Software development has this concept of “loosely coupled” components, which are components that reduce to the absolute minimum their dependence on other components. Actually, the definition is even stricter, saying that components should reduce to the minimum their knowledge of other components:
In computing and systems design a loosely coupled system is one where each of its components has, or makes use of, little or no knowledge of the definitions of other separate components.
The main advantage of these systems is that they are much easier to manage. For example:
- you can change the behavior of one component without breaking the whole system;
- you can replace a component without breaking the whole system;
- you can easily test a component because it’s isolated from the others
Recently, there has been a growing interest in asynchronous communication, like Message Queue or Publish/Subscribe systems, where the component that sends the request doesn’t block waiting for a response. Again, this is the “loose coupling” principle put in practice. There are some producers who produce messages and there are some consumers who consume messages. What makes it loosely coupled is that fact that producers don’t have a clue on who are the consumers and vice-versa. This makes it possible to build applications in completely parallel branches. You can have two independent teams who are completely oblivious of the existence of the other, one developing a producer and another developing a consumer. The application is worthless without these two pieces, but each one can function by itself.
The advantages of these systems are well understood and recognized by experienced software developers, but I wonder if the same principles wouldn’t apply to project management in general. One of the most difficult things to manage in a project is task dependencies. That’s where you’ll find the bottlenecks: some people have to stop their work because their tasks depend upon completion of another task. In other words, the tasks are as tightly coupled as they can get: they not only depend on other tasks, they have to know about the other tasks (at least, they have to know which tasks they depend upon and when those tasks finish).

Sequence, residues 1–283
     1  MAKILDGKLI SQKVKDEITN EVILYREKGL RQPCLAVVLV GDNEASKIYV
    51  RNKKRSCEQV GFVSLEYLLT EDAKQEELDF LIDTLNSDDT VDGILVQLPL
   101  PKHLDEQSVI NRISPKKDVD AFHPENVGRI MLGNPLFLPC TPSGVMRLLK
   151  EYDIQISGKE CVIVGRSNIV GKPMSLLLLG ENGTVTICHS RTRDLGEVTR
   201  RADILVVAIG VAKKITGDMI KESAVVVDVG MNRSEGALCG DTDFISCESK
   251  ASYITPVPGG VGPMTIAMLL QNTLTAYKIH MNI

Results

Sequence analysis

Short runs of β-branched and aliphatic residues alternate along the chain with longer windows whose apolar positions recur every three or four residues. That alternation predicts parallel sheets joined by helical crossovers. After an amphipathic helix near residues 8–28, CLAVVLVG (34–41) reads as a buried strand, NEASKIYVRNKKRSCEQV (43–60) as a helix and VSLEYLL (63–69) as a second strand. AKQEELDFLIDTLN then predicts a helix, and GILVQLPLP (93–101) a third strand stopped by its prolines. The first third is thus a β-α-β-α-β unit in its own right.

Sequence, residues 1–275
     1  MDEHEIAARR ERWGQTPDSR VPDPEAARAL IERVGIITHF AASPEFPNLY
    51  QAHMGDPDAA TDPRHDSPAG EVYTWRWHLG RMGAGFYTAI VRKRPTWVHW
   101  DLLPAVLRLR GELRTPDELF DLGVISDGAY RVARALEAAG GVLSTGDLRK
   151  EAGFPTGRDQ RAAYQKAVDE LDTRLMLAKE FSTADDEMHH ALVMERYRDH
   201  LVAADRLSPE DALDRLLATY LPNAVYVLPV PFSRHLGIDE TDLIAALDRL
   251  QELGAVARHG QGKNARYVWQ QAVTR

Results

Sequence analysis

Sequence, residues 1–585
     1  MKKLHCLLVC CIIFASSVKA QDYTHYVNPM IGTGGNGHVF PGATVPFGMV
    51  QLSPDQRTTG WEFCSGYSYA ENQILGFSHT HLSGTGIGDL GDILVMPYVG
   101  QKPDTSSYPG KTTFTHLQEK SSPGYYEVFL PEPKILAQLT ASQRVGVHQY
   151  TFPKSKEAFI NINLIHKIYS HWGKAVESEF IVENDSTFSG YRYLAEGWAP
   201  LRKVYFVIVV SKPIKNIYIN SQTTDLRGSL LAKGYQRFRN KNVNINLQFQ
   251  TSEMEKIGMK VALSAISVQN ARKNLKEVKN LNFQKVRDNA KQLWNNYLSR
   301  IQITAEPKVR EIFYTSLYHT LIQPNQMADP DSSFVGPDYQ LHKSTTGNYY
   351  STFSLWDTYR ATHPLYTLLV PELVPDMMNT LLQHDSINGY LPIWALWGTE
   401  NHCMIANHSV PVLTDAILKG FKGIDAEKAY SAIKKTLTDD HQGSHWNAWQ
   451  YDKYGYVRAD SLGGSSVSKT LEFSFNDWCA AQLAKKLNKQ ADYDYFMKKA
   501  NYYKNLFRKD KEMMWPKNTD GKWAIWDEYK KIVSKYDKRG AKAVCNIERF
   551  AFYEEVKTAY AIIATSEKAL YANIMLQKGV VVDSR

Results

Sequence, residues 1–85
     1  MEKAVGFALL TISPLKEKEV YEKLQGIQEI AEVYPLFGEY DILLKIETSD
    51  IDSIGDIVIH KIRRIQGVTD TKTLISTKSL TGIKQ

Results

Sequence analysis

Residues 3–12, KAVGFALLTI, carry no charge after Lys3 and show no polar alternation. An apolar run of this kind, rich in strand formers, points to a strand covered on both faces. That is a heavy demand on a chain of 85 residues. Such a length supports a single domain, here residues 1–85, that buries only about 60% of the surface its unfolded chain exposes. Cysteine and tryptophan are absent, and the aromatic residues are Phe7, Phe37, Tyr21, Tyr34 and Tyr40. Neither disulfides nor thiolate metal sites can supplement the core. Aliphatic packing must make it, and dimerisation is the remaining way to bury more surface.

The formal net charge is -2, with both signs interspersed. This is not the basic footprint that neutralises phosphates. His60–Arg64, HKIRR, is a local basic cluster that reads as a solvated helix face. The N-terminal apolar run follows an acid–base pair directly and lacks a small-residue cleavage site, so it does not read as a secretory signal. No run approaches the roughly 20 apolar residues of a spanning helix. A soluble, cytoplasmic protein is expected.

What if you could manage the project in a completely loosely-coupled fashion? You would setup a simple rule: everyone in the team must be able to finish their tasks without depending on someone else. This means that when two tasks have a dependency between themselves, you have to mercilessly remove that dependency at all costs by:
- Trying to redesign the system so that it can work asynchronously or
- Simulating the output of the task you depend upon (in software development, this means using mocks or stubs)
If you fail to remove that dependency, then those two tasks must be done by the same person.
Now, I won’t lie to you: this comes at a price. Removing the dependencies will probably make the tasks longer, because you have to develop additional mechanisms, like simulating the output of other tasks. Assigning a sequence of tasks to the same person is also a risky move – that person may be doing a series of mistakes but since she doesn’t depend on anyone, you’ll only notice it later than in a typical project.
However, if you have a talented small team, it will work really well. It will be like watching several high-speed trains running in parallel, leaving a complete finished component from time to time. Maybe one of the trains is going faster than the others. It doesn’t matter. The project manager just keeps picking the finished components, until they can connect to each other (for example, until you have a producer and a consumer). It’s a great feeling. Try it.